The 30th anniversary of the UNCRC presents an opportunity to bring together some of the common threads and possible contradictions that have emerged from the numerous studies that have been undertaken with young children about their lived experience. One of the challenges in doing so is the fragmented nature of this knowledge. What might be the reasons for this fragmentation? This fragmentation can be understood to be both methodological and political.

Listening to young children’s views and experiences is complex and time-consuming. Methodologically this has led to numerous small-scale studies that can mean that the new understandings and questions remain isolated in individual publications and presentations. Large cross-national studies such as the Children Crossing Borders study (Bertram and Pascal, 2007) have been the exception.

Fragmentation at a political level has occurred at a national and international level as well as within higher education. Taking the UK as an example, political interest in considering children’s rights and perspectives has moved in and out of fashion. There was a moment in the early 2000s when central government support was given to voluntary sector initiatives around listening to young children, for example, the Young Children’s Voices Network coordinated by the Early Childhood Unit of the National Children’s Bureau. This political interest has waned and together with increasing budget restraints funding has been removed and as a consequence, some of the mechanisms for bringing together research and practice around listening to young children has been harder to achieve.

Within Higher Education, this fragmentation may relate to the particular framing of academic research. There has been an increasing number of MA and PhD studies in the field of Early Childhood over the past twenty years that have conducted research around young children’s views and experiences. There is a requirement, however, in Doctorate studies in particular, to make an original contribution to knowledge. This combined with the methodological issues about researching with young children has perhaps contributed to the emphasis on creating more innovative research that in the main has been small scale rather than studies to piece together knowledge gained. The very structure of the UNCRC, divided into 54 articles can also be seen to fragment childhood rather than present a holistic picture of lives lived.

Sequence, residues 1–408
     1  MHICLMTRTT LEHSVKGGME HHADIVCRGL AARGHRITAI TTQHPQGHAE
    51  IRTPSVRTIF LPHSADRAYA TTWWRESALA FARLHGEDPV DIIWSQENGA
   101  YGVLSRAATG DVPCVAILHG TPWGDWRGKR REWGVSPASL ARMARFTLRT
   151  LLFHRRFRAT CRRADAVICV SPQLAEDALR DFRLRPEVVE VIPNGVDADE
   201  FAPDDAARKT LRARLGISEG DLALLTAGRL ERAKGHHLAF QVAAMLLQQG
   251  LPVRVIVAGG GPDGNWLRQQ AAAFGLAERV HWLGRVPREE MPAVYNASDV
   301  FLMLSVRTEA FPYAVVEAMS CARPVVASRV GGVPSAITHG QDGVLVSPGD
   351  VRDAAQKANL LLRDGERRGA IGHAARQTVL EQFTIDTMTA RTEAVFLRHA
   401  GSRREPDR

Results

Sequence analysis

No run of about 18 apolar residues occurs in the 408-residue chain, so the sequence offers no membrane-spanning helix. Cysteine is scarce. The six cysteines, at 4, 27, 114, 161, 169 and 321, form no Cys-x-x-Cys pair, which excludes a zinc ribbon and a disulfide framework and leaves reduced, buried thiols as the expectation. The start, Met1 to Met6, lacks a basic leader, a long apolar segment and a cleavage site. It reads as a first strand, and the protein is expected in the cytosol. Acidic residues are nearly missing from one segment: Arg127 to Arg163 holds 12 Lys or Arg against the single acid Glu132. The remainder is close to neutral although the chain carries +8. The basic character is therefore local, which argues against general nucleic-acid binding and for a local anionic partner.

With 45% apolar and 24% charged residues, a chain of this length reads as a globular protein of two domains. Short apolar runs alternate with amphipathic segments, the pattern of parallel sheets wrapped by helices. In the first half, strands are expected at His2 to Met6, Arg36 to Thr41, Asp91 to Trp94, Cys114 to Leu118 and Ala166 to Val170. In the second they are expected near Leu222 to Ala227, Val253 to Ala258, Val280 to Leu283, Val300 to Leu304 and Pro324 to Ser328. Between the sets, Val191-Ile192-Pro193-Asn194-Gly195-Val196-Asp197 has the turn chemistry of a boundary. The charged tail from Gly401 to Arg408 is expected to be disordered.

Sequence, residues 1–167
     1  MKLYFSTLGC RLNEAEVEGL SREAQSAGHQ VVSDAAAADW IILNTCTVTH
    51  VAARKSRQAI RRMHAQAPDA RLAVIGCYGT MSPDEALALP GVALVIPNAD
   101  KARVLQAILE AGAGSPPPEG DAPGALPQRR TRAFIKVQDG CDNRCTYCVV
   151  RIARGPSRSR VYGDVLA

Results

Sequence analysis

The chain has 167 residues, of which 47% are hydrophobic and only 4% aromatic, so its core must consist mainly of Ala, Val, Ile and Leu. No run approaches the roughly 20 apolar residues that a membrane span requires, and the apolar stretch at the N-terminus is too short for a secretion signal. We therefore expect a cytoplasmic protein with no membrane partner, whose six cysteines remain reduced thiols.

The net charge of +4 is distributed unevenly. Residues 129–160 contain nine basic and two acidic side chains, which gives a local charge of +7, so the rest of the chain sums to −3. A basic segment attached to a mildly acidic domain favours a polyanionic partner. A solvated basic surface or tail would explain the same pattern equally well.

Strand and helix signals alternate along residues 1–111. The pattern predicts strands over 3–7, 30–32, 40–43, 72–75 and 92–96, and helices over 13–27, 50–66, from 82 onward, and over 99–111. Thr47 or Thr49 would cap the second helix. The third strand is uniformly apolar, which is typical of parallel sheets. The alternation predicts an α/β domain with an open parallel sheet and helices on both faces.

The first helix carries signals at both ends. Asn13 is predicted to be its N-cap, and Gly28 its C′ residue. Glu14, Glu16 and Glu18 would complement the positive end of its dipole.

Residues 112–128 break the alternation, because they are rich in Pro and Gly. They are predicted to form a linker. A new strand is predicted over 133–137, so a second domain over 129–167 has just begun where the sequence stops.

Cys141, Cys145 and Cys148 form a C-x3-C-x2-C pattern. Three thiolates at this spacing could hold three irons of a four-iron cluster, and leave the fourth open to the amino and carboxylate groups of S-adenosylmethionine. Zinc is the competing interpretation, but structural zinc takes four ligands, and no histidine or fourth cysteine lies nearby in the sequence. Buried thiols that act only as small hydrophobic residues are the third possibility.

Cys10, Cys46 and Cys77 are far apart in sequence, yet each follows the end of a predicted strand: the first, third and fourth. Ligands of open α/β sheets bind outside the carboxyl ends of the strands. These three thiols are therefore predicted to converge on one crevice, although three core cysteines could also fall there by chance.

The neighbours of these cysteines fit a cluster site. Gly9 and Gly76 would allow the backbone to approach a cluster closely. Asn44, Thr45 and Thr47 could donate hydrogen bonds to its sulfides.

Where next?

Against this background, the 30th anniversary celebrations could be the opportunity for critical reflection. This could involve finding new ways to piece together insights from young children as well as to be mindful of the gaps. What voices and experiences have been underrepresented or become hidden and how could this be redressed? Collaborating on special issues and edited books are one way to counter this scattered knowledge but also in dialogue across research and practice. Most important of all is the need to examine what difference has listening made to the way we work with, engage and provide for young children now and in the future?

References

Bertram, T. and Pascal, C. (2007) ‘Children crossing borders: enhancing the inclusion of children in pre-school settings’, Childcare in Europe, May.

Clark, A. (2017) Listening to young children: a guide to understanding and using the Mosaic approach. Expanded 3rd edition. London: Jessica Kingsley Publishing.

Clark, A. (2010) Transforming Children’s Spaces: children’s and adults’ participation in designing learning environments. London: Routledge.

UNCRC (1989) United Nations Treaty Collection, CHAPTER IV: HUMAN RIGHTS, 11. Convention on the Rights of the Child. New York, 20 November 1989

 


About the Author

Alison Clark HeadshotDr Alison Clark is a visiting Research Associate at UCL Institute of Education, London and adjunct Associate Professor at the University of South-Eastern Norway and at OsloMet, Norway. Alison is an academic and an artist who developed the Mosaic approach with Professor Peter Moss (first published in 2001) and is the co-founder or the EECERA Children’s Perspectives SIG. She co-edited Understanding Research with Children and Young People (Clark, Flewitt, Hammersley and Robb, 2014) whilst teaching and researching at The Open University. Her most recent book ‘Listening to young children: a guide to understanding the Mosaic approach’ was published in 2017. Alison’s current research interests include young children’s rights, early childhood environments and pedagogical and participatory documentation.

Blog: alisonclarkinthemaking.wordpress.com
Twitter: @WestrayAlison